Ellen Flanagan Burns is a school psychologist and the author of Nobody’s Perfect: A Story for Children About Perfectionism and Ten Turtles on Tuesday; A Story for Children About Obsessive-Compulsive Disorder.
Ellen devotes her writing to helping children overcome anxiety. She believes that children’s books can be a powerful therapeutic tool and supports cognitive-based interventions for children with anxiety-related issues. It was fun hearing about her writing process and how she has turned her experiences into helpful books for kids. Plus…. hot yoga?! Yikes!
With that, let me introduce to you Ellen Flanagan Burns!
What book have you written? For Magination Press, I have written Nobody’s Perfect – a story about perfectionism; Ten Turtles on Tuesday – a story about Obsessive Compulsive Disorder, and The Tallest Bridge in the World – a story about social anxiety
How do you decide what topics to write on? So far, my books center around different manifestations of anxiety. I understand social anxiety, OCD and perfectionism because I’ve dealt with each on my own, to some degree. They’ve taught me the way anxiety works, what makes it strong and what weakens it. It all starts with what we think. It’s so important to pay attention to what we’re thinking. Does it make sense? Is it in our highest good? Anxiety is a form of fear and it’s a useful reaction when we’re in danger. Every other time though, it’s an illusion of danger. When it comes to social anxiety, or any anxiety disorder, it’s important to do what makes you anxious. It helps to see firsthand that our fears are baseless. Eleanor Roosevelt said it perfectly, “You must do the things you think you cannot do.” I can honestly say that I rarely feel anxious anymore. When I do, I pay attention to my thoughts and it goes away. I feel so passionate about helping others with this.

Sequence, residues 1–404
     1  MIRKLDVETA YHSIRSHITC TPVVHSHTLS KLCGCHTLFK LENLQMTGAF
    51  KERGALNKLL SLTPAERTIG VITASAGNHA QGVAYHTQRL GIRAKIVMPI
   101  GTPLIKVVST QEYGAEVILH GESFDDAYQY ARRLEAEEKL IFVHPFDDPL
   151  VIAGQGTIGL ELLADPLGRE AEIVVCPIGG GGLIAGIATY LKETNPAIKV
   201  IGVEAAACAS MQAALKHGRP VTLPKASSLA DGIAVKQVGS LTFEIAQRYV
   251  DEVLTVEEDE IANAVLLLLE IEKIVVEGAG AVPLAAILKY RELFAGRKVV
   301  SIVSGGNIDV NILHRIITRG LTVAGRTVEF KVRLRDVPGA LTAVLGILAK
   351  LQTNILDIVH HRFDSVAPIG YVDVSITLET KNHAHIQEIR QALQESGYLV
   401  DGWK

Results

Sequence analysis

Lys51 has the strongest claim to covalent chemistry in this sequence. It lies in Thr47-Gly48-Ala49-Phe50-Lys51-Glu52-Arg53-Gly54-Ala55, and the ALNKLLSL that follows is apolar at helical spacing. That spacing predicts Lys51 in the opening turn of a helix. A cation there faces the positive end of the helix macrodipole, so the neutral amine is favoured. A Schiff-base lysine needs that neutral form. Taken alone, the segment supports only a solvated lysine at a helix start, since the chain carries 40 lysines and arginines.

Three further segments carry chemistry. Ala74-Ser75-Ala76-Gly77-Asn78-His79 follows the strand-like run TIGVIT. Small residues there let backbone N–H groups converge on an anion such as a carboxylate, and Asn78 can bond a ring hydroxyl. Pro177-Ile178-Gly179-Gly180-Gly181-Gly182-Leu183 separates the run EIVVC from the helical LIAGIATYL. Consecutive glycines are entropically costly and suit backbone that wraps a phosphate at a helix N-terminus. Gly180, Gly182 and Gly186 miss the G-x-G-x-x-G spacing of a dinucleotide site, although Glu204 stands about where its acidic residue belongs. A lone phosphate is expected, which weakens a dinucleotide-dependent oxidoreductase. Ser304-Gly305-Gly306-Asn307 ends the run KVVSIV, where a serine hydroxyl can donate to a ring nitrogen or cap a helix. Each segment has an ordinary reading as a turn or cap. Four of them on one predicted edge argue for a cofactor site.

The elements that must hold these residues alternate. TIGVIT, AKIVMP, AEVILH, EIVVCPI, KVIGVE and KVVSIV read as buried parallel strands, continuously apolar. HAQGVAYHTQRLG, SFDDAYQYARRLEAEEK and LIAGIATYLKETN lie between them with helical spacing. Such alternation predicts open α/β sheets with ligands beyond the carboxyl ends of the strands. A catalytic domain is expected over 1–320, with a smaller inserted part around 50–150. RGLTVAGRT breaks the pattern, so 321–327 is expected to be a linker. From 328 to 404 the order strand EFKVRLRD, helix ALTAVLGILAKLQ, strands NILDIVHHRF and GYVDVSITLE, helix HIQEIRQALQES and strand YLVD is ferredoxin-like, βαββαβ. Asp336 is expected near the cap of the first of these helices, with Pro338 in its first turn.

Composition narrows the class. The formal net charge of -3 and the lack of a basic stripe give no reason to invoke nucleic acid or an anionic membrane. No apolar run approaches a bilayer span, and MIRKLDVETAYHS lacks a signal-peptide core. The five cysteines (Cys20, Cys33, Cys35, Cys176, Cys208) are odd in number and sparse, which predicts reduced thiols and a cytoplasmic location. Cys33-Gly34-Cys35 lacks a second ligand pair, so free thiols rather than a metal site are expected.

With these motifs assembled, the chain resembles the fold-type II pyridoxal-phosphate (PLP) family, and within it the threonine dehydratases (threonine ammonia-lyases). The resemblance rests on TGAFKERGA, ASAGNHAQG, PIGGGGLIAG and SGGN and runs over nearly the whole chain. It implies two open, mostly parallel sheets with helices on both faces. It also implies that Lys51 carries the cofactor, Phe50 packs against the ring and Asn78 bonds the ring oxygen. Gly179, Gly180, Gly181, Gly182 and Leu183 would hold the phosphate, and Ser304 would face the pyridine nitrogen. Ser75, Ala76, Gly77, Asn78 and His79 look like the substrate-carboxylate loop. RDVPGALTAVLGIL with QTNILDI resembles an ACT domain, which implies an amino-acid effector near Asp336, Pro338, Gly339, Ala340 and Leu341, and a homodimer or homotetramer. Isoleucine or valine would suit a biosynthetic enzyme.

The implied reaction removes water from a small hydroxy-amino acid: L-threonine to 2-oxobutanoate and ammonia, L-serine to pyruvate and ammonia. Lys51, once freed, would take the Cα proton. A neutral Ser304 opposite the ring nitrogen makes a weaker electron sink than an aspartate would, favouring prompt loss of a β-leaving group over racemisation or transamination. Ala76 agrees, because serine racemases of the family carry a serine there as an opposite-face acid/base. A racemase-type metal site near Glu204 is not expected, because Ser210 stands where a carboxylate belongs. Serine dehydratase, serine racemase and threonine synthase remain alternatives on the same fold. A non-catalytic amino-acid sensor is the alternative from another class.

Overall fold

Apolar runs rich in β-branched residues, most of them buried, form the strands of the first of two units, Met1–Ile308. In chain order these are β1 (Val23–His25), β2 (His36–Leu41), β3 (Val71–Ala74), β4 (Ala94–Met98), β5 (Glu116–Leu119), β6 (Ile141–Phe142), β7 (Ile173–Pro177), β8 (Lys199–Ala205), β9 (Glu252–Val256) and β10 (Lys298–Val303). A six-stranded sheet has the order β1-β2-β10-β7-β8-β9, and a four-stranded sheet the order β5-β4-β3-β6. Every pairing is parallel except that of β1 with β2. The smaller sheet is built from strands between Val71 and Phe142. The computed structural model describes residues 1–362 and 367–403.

What is fun or unexpected about the writing process? For me, writing is like creating music, all the words go together in a way that not only makes sense, but sound good together. There’s a beat, a tempo and a flow. I’ve also noticed that once I start a new writing project, it takes on a life of its own and unfolds before my eyes. It’s so fun to see where it goes.
What do you do when you’re not writing books? Hot Yoga! It’s a great way to feel balanced in our bodies, mind, and spirit. I’m so interested in the mind/body connection. I worked as a massage therapist for years, but I’ve taken a break for now. I’m also a school psychologist in a high school.
How does it feel to be a published author? Great! I still remember getting the call on my first book, Nobody’s Perfect. I had submitted the manuscript to a few publishers, but didn’t hear anything for quite a while. In fact, so much time had gone by that I had put it out of my mind and began working on other things. I figured it wasn’t being considered any longer. Then one day, out of the blue I got a call from Magination Press asking if Nobody’s Perfect was still available! After I hung up, I started to cry tears of joy. It took 9 years before I was finally published. I was getting standard rejection forms initially and then rejections took a turn and started coming with a personal note and helpful feedback. I paid attention to the feedback!